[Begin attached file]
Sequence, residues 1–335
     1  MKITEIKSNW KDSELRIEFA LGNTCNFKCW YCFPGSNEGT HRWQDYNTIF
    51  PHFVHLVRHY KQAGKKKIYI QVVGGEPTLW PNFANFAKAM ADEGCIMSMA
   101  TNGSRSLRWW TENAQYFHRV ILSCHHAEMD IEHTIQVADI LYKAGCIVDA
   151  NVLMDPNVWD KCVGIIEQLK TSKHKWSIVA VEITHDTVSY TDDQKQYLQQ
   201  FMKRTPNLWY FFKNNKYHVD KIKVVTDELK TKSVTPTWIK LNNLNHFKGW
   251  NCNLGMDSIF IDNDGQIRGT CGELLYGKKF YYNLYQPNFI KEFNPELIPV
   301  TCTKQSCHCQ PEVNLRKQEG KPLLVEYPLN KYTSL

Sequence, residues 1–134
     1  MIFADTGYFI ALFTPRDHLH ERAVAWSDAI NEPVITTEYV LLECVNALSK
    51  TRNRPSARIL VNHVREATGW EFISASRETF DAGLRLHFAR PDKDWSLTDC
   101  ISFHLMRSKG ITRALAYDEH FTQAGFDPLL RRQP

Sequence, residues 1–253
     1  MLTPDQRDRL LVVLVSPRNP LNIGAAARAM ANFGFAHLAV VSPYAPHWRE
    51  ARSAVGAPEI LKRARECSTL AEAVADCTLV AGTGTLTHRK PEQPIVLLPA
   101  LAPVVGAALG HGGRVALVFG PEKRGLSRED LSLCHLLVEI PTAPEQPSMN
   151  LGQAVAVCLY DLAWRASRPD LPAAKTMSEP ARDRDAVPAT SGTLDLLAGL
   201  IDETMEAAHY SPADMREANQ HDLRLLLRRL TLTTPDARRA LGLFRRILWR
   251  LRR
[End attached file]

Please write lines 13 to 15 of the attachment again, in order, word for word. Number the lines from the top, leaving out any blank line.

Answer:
Sequence, residues 1–253
     1  MLTPDQRDRL LVVLVSPRNP LNIGAAARAM ANFGFAHLAV VSPYAPHWRE
    51  ARSAVGAPEI LKRARECSTL AEAVADCTLV AGTGTLTHRK PEQPIVLLPA